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This fragmentary sculpture exemplifies the solidity, weight, and expansive volume characteristic of Kushan-period sculpture from Mathura. Despite the sandstone slab's thinness, the sculptor created a sense of inner breath and expansive volume through the swelling chest and soft modeling of the stomach. This figure is difficult to identify, but the three-pronged staff held firmly in his left hand seems to be a vajra, or thunderbolt weapon. This attribute suggests that he is either the ancientVedic god Indra or the Buddhist guardian deity Vajrapani. Though the figure is worked on the back, the shallowness of the carving suggests that it probably was set up against a shrine wall or within a niche.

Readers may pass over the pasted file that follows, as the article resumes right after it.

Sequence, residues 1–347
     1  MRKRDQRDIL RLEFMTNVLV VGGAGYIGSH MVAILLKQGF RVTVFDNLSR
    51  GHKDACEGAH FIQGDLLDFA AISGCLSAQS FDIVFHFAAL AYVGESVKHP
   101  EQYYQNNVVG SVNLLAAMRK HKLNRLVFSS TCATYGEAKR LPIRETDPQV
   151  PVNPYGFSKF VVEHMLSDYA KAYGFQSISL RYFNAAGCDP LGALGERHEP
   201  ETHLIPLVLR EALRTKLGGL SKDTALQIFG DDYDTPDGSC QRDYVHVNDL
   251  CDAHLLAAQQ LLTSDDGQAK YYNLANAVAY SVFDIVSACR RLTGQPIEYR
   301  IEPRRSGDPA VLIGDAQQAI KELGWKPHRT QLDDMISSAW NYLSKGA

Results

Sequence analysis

Nasli and Alice Heeramaneck Collection, Gift of Paul Mellon
Dye, Joseph M. The Arts of India: Virginia Museum of Fine Arts. London: Philipp Wilson, 2001. (cat. no. 14, pp. 105-106)
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